Wanting to retire is a reason to sell your business that you’ve spent decades building, growing, and nurturing. By now, your business has generated plenty of revenue over its years of operation, so you can cash out and use that hard-earned money for your retirement. Selling your business can provide the retirement plan you’ve always dreamed of, and you can use that money to fuel a lavish and laid-back lifestyle.
Sudden Life Changes
Unexpected events can happen that can affect an entire business, such as economic hardships and abrupt market changes. Or perhaps, changes in your personal life are urging you to sell your business. Maybe your health took a turn for the worst and is affecting your productivity and performance, in which case, turning over the keys to your business to someone else may be the right option.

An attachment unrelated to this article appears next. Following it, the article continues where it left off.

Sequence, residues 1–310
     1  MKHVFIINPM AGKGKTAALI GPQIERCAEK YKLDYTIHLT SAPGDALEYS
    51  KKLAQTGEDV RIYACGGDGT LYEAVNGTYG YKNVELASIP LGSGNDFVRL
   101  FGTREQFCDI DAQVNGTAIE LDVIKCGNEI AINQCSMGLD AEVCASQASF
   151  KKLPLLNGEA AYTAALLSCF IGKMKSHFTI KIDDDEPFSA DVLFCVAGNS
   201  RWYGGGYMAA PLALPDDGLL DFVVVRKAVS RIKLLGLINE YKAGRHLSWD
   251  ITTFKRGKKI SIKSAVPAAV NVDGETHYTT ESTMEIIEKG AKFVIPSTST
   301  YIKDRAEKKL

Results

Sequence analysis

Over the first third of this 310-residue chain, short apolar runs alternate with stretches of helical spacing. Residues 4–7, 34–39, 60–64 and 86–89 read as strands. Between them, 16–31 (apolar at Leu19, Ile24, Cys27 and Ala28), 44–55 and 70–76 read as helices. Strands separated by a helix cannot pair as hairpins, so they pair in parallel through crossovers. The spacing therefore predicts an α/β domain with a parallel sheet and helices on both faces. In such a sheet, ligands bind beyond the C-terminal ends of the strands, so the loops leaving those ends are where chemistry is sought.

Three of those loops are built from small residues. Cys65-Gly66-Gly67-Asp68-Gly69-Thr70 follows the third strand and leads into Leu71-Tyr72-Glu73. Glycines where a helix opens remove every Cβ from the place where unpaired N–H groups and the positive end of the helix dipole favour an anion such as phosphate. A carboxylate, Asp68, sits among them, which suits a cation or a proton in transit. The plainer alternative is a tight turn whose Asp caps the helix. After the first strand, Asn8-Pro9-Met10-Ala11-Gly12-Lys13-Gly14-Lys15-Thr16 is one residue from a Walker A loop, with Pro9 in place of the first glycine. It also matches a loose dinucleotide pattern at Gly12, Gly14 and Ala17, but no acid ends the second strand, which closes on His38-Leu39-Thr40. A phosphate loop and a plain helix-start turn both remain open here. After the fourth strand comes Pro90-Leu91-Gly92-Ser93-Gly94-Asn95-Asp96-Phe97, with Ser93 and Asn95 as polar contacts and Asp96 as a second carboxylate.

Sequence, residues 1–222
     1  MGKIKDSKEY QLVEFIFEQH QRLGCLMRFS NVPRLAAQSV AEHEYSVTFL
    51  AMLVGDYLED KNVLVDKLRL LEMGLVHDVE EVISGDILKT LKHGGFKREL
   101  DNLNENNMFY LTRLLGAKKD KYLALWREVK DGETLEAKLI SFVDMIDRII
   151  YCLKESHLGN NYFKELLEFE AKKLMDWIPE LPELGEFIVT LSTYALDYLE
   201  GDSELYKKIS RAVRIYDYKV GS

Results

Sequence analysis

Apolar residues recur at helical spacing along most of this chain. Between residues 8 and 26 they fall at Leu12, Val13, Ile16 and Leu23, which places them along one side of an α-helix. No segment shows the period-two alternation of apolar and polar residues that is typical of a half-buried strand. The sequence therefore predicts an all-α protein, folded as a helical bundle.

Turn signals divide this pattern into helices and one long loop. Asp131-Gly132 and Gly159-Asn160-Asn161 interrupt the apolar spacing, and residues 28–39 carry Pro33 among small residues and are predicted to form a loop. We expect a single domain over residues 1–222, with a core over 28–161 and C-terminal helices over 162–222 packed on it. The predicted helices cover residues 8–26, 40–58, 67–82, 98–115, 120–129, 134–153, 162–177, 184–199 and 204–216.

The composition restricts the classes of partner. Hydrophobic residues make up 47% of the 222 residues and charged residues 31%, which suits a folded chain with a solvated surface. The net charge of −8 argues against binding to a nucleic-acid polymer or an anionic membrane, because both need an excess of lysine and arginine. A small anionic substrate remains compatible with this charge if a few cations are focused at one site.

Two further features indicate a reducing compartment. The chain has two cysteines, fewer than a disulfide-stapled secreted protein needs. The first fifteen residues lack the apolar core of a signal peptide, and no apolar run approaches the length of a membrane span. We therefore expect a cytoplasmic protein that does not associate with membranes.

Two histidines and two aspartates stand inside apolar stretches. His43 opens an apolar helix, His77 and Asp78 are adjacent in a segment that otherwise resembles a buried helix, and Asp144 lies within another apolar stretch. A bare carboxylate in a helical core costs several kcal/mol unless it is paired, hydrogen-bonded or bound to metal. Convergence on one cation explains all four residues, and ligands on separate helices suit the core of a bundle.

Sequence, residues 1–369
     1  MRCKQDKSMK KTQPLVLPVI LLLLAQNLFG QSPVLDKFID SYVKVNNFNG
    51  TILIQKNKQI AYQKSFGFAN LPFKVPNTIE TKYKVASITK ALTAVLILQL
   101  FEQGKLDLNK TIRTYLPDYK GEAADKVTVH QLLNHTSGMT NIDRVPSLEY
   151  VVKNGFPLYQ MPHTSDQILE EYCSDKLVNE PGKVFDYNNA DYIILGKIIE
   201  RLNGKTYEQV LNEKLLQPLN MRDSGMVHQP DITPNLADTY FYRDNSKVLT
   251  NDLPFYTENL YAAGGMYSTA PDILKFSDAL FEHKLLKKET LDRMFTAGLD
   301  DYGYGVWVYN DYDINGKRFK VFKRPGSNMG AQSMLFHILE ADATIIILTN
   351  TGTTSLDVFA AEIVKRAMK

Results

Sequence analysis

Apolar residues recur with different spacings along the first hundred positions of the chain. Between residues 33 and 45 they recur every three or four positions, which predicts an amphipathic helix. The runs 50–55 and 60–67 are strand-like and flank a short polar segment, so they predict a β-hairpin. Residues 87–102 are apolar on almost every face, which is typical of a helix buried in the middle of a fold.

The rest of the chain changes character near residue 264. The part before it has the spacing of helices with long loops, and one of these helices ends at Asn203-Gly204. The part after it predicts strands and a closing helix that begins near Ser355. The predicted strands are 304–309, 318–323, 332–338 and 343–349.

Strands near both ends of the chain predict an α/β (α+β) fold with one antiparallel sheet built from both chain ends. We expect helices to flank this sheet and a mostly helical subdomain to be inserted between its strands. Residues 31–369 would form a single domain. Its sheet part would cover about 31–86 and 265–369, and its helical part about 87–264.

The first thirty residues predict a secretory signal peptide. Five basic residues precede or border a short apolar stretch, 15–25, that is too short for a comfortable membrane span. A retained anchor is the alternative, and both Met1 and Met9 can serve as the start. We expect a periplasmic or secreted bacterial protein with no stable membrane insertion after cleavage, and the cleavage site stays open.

Transferring the Business to Someone more Capable
When it’s time to hand over the keys to your business to someone else, you want a qualified buyer who has the capital and industry knowledge to keep the business alive. If your business is doing well, profits are growing, and sales look stable, the likelihood that your business will sell exponentially increases. A business is most valuable when its profits are increasing year by year, which is very appealing for potential buyers. In addition, if the economy is doing well and the buyers’ market is looking favorable, you can get offered prices that are too enticing to refuse. Buyers can be compelled to go on bidding wars for your business, and you can evaluate which bidder is the most appealing to you.